Jules Gomes is a character one rarely sees in the silky old Church of England. He is a trouble maker. He is a kind of Luther for the Church of England–a rebel against the smooth establishment and the suave unctuousness of the Anglican hierarchy. He blogs at Rebel Priest and writes today about the absolute power that is held by Church of England bishops.
The Church of England hierarchy are going through their own long Lent at the moment and being investigated for their own cover up of historic sexual abuse accusations. We are seeing there some of the same incompetence, self serving, cover ups and dismissal of abuse victims and their accusations against deviant clergy.
As we are supposed to have learned in the Catholic Church, the systems of power enabled croneyism, nepotism, financial corruption and sexual misbehavior and then enabled it to be covered up, papered over and ignored.
If current stories from Rome are to be believed, however, our lessons have quickly been forgotten. Stories of homosexual orgies, drug fests, pornography, financial fraud and mismanagement at the highest levels continue to rock our church.
What is the problem? It is staring us in the face: men with great power and wealth are in positions where they are accountable to no one.
Gomes makes the interesting observation that the original quote, “Power corrupts and absolute power corrupts absolutely” was originally penned in reference to bishops. In 1887 the British thinker Lord Acton wrote to a bishop,
‘I cannot accept your canon that we are to judge Pope and King unlike other men, with a favourable presumption that they did no wrong. If there is any presumption it is the other way against holders of power, increasing as the power increases. Historic responsibility has to make up for the want of legal responsibility. Power tends to corrupt and absolute power corrupts absolutely. Great men are almost always bad men, even when they exercise influence and not authority: still more when you superadd the tendency or the certainty of corruption by authority. There is no worse heresy than that the office sanctifies the holder of it.’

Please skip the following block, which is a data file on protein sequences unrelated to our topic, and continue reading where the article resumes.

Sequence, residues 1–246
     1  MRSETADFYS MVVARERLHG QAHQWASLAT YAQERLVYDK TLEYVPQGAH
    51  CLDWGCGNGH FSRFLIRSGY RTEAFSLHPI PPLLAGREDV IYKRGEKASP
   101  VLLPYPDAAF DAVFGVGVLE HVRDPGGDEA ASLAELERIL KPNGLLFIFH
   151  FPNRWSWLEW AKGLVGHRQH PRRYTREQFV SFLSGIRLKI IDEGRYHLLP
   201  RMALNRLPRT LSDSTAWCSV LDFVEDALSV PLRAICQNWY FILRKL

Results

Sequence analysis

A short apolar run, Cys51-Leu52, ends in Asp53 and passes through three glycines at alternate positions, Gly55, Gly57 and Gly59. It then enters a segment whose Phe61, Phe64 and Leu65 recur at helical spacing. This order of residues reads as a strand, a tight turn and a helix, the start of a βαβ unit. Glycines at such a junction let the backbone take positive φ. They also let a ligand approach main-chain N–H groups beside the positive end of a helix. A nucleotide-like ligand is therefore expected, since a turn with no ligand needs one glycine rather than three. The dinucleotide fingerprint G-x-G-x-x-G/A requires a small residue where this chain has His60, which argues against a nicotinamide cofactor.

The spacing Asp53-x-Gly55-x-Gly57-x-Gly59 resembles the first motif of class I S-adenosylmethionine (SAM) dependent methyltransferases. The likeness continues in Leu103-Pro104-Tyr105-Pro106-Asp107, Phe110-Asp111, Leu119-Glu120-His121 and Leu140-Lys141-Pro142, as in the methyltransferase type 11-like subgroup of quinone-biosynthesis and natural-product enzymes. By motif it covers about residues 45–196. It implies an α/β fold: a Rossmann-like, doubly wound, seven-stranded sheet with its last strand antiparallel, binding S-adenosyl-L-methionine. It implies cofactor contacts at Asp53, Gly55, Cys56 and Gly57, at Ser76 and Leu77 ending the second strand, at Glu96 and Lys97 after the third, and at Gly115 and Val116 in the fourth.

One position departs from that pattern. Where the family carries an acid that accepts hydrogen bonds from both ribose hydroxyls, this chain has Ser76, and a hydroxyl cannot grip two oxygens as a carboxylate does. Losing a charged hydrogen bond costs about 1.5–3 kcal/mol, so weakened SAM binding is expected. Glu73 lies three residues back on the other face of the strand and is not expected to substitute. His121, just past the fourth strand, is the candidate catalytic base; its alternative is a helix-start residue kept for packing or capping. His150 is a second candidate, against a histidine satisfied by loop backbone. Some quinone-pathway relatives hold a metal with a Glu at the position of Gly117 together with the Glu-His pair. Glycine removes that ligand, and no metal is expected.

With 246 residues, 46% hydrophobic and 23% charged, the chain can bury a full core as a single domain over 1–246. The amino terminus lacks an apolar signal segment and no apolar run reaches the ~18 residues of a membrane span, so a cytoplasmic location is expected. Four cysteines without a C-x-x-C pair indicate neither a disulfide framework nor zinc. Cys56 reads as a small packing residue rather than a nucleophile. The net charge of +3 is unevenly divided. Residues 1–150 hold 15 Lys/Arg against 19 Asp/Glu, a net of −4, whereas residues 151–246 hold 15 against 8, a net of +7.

The Church of England bishop is accountable to no one. There is no system of checks and balances. One Anglican diocesan bishop has admitted to me, “I am accountable to no one.” In the present enquiry Archbishop of Canterbury Justin Welby has said he has no power over the diocesan bishops. Gomes points out that neither do the Archbishops of Canterbury and York have anyone to whom they are accountable. At the same time, the bishop’s employees and clergy are definitely subservient. Gomes quotes one of the victims of episcopal abuse, “the bishop told me he had the power to give me everything I wanted in life and the power to take it all away.” Indeed.
Gomes is an outspoken Anglican priest, and he reveals something about church structures which applies not only in the Anglican Church, but in all religious systems, and this is the assumption of innocence. Yes, yes, I know that in a legal sense everyone must be innocent until proven guilty, and I know in charity we must always give the benefit of the doubt and do our best to think the best and not the worst. I know we mustn’t give credence to mere gossip and we must try hard to forgive the human faults of others.
That’s all well and good.
But when does this assumption of innocence itself become a kind of abuse? It seems in the Catholic Church too that many people are in one extreme camp or another: either they trust the clergy and bishops almost to the point of adoration or they are totally critical and suspicious of the clergy.
I am aware, as a pastor of a parish, for example, that I really do wield extraordinary power over my employees and over the finances. The bishop holds even more power, and there is no in built system of checks and balances. The people have no real say in the governance of the parish, nor do they have any real say in the governance of the diocese.
Isn’t this the core problem in the sexual abuse crisis which swamped the Catholic Church–and which is still reverberating? Bishops and clergy belonged to a self referential group. I sometimes call it the Catholic Clergy Closed Club. The discipline of celibacy contributes to the exclusive nature of the club and the guys look out for each other. There should be, of course, the virtue of loyalty, but when does that virtue of loyalty turn into nepotism, croneyism and mutual protection and cover up?
Furthermore, this system is supported, for the most part, by the people. We all collude together in the assumption of innocence. We do this because we want to believe that our church is pure and our clergy and bishops are superheroes. While this is admirable in some respects, it is also a problem because we should be self critical.
What is the answer? Some would propose some new bureaucratic level of accountability or some administrative system of yet more paperwork and checks and balances.
I think the answer is simpler. First of all, we clergy must always remember that we are the servants of the servants of God and the higher we are in the hierarchy, the more we are called to give up everything in that service. Secondly, all of us, clergy and people alike, must pray for a keener conscience and a sharper awareness of our sinfulness and our capability of falling. We should have the attitude of the high wire or trapeze artist at the circus–always careful–always wary lest we take that fatal tumble.
If all of us had this attitude that was in Christ Jesus we would avoid the pitfalls of power that surround our clergy and our bishops.
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